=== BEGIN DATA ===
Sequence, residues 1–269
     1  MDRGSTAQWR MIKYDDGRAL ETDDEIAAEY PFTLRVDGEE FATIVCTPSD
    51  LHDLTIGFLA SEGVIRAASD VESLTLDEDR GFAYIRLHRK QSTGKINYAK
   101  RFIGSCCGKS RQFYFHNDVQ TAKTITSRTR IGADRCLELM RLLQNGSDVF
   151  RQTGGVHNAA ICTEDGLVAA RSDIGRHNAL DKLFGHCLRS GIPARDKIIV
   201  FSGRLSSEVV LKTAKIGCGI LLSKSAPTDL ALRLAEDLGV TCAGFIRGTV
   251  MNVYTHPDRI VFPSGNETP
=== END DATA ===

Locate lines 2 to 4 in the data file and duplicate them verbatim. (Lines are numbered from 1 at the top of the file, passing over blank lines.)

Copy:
     1  MDRGSTAQWR MIKYDDGRAL ETDDEIAAEY PFTLRVDGEE FATIVCTPSD
    51  LHDLTIGFLA SEGVIRAASD VESLTLDEDR GFAYIRLHRK QSTGKINYAK
   101  RFIGSCCGKS RQFYFHNDVQ TAKTITSRTR IGADRCLELM RLLQNGSDVF